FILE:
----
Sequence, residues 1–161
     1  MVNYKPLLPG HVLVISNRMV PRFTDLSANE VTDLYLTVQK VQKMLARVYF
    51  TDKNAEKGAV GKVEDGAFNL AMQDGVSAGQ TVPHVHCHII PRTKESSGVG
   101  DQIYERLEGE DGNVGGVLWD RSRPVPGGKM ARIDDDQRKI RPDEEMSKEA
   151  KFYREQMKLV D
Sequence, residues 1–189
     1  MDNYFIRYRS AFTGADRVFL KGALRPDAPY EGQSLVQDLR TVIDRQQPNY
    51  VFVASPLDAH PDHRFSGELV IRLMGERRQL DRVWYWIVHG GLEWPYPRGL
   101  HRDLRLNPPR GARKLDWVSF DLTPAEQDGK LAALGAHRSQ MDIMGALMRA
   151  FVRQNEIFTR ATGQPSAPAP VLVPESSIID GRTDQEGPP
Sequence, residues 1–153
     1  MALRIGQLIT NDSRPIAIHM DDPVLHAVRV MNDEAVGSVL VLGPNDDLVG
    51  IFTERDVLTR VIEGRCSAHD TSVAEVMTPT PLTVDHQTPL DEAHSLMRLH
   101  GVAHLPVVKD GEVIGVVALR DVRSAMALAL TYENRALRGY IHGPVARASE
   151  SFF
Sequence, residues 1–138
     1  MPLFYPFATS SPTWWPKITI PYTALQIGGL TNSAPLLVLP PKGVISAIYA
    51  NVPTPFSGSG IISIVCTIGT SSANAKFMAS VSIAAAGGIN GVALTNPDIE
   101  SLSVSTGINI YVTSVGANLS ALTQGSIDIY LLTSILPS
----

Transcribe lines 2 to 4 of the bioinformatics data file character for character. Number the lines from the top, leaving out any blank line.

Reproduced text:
     1  MVNYKPLLPG HVLVISNRMV PRFTDLSANE VTDLYLTVQK VQKMLARVYF
    51  TDKNAEKGAV GKVEDGAFNL AMQDGVSAGQ TVPHVHCHII PRTKESSGVG
   101  DQIYERLEGE DGNVGGVLWD RSRPVPGGKM ARIDDDQRKI RPDEEMSKEA